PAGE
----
Recent Items – 2002
March 5, 2002, By Mark Nielsen, Daily News Staff
The debate over whether or not to allow a soccer park in the last untouched forest within city limits drew about 75 people to a public meeting on Monday night.
But despite the interest and although Mayor Wayne Dahlen emphasized that the meeting’s purpose was to find a solution to the problem, little if any headway was made to resolving the issue.
The South Peace Junior Soccer Society wants to develop a three-pitch soccer park with enough space for change rooms, a concession, meeting area, equipment storage and a 1.25-hectare (two-acre) parking area for $227,890. And they remained adamant that the city-owned land at the west end of 102nd Avenue is the best spot for the facility.
In a presentation, Society member Dale Keegstra said the location meets all the requirements in terms of accessibility, safety, orientation of the fields and protection from the wind. It was also added that the Society had checked out at least six other spots before settling on the proposed location.
Soccer park advocates also stressed that the facility will cover only about 15 per cent of the 45 hectare (70 acre) site. But others say that allowing the park to be constructed will only open the door to further development of an area that is already slated for a residential subdivision under the city’s official community plan.
“I’m afraid that the biggest problem with losing greenspace is well-intentioned, incremental development,” said Don Pettit, a well-known local environmentalist who first brought the issue to council’s attention. “That is why it is the last undisturbed greenspace within city limits.”
Instead, Pettit and other members of the Chamberlain Ecological Heritage Heritage Park Coalition say the land should be set aside as a nature park, and stressed the value of the park as a draw for tourists. Pettit noted that many B.C. communities have developed just such parks in bids to attract tourists.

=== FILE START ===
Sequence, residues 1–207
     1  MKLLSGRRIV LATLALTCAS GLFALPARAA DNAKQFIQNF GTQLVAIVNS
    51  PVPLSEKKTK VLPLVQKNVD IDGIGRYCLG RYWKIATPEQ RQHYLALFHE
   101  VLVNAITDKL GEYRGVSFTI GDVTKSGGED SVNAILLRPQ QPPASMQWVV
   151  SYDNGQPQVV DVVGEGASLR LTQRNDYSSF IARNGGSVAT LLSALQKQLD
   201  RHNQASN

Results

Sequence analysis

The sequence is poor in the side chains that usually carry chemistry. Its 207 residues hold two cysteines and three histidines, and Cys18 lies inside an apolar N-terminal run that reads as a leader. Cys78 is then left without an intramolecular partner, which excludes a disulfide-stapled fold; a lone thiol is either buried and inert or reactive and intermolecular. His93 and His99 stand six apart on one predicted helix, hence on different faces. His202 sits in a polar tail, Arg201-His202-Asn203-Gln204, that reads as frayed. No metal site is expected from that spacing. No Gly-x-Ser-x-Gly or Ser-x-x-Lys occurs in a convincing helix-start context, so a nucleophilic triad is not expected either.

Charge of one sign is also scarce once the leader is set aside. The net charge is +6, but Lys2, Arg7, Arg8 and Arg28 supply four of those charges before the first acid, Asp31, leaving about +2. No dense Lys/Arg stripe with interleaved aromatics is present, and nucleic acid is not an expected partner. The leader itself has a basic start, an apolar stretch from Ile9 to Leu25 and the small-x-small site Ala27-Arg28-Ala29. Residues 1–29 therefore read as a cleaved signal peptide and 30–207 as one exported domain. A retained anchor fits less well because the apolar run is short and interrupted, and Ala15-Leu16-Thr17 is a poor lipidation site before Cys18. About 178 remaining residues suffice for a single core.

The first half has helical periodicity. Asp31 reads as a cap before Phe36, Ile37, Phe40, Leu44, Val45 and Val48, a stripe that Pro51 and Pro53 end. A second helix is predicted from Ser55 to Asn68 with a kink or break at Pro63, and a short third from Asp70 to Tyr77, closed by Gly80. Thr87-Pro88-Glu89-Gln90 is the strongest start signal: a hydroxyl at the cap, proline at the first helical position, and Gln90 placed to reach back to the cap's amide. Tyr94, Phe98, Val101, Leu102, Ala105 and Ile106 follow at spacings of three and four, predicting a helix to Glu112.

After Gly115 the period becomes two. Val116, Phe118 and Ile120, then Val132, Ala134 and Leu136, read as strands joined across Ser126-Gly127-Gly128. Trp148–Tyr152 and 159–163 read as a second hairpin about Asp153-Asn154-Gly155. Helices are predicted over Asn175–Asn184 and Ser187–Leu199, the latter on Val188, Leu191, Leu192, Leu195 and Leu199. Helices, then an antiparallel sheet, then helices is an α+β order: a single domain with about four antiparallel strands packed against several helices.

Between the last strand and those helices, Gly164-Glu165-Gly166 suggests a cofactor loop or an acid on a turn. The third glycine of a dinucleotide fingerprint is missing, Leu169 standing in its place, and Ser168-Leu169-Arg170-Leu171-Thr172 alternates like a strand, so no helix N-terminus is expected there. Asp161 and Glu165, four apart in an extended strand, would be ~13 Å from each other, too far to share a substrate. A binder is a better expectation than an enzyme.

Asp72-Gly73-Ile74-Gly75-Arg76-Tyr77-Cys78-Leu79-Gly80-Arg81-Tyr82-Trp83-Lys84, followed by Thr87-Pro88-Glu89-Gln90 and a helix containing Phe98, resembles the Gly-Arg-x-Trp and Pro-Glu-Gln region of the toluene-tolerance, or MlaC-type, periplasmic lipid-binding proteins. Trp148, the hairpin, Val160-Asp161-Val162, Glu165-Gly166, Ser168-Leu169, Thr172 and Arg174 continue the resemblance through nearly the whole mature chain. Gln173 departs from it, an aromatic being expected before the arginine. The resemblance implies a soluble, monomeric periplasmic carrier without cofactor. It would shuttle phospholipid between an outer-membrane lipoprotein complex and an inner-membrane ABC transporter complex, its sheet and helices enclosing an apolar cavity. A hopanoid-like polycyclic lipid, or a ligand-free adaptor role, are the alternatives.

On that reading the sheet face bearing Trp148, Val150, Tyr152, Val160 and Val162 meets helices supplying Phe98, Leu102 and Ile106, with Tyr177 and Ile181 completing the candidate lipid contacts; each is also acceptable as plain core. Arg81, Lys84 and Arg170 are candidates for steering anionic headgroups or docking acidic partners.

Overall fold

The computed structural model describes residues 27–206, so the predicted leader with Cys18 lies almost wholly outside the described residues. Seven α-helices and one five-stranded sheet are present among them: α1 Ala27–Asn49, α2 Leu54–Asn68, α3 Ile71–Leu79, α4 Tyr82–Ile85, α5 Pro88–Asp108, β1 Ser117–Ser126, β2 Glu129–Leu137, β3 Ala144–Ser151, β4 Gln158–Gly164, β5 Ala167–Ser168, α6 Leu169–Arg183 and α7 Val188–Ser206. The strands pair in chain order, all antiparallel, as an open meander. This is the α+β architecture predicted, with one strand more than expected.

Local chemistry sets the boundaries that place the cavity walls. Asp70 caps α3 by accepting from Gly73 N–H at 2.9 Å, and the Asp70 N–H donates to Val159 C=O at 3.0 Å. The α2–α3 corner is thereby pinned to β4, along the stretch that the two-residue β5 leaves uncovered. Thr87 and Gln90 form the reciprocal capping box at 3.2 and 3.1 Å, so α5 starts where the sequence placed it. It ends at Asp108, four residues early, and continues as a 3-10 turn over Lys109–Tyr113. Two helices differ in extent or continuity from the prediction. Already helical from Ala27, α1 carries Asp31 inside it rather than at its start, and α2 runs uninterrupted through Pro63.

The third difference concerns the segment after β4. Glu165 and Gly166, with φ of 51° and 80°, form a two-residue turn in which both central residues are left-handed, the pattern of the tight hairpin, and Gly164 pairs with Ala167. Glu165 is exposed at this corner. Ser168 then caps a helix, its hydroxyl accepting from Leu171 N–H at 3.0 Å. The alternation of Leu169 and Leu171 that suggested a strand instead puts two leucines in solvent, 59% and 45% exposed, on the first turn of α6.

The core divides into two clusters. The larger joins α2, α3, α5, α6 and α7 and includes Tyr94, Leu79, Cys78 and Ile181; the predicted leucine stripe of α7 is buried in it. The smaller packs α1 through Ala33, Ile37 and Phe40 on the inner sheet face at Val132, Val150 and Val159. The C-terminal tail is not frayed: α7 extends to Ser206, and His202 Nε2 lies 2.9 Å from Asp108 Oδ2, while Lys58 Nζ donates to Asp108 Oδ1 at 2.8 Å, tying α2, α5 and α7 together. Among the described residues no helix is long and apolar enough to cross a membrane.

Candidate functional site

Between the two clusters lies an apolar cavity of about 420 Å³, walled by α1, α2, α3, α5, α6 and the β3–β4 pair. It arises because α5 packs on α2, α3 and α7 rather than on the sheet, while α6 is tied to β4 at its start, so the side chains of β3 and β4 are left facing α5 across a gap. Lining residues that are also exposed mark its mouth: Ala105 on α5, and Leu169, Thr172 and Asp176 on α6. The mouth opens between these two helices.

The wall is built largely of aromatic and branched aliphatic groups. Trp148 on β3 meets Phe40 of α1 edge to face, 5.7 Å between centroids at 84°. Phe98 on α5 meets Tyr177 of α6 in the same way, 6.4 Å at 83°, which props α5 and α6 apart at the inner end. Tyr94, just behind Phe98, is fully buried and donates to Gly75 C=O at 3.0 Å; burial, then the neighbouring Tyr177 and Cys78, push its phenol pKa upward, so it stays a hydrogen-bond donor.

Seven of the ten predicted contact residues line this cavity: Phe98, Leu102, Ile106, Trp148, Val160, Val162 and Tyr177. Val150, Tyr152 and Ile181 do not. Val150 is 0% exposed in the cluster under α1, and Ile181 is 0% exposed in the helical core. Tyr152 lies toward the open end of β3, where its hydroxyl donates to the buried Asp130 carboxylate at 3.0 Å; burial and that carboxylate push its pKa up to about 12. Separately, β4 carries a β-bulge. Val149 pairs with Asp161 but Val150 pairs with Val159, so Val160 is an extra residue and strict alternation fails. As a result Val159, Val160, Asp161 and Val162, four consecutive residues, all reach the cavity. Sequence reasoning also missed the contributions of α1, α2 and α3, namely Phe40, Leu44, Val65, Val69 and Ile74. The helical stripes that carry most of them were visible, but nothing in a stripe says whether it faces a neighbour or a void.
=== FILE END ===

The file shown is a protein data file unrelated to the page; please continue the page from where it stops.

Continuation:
Concern that further residential development alongside Dawson Creek will create further flooding problems downstream was also raised by Allen Eagle. He contended that there should be at least 30 and 50 metres (100 to 150 feet) of untouched space on either side of the creek. In response, Society president Frank McAllister said that the soccer park would be at least 100 metres away from the creek.
Soccer parent Ian Marchak also spoke in favour of a nature park, noting that as much as his two boys like soccer, they also enjoy the “secret trails” they’ve developed in the area.
“I know this is sort of an emotional appeal, but it’s a jewel the way we have it now,” Marchak said.
But another soccer parent, Pat Ballard, said there’s room for both a nature park and soccer fields at that location.
“Should we be supporting tourists, or should we be supporting tourists in our local community,” she said.
Homeowners who live near the forest expressed concerns about increased traffic in the area. The question of whether or not the money that would be spent on the park would be better used to upgrade the existing fields.
Others, however, said that the park makes tournaments possible, making life easier for visiting teams and for local parents and players alike.
In all about a dozen speakers took to the microphone over the two-hour meeting. Contrary to what was reported in the Friday Peace River Block Daily News the meeting was not an official public hearing but rather a public consultation.
Dahlen said that council will likely decide at the Monday, March 18 regular meeting whether or not to proceed with the public hearing process regarding the soccer park. A bylaw allowing the park passed two readings at the February 18 meeting.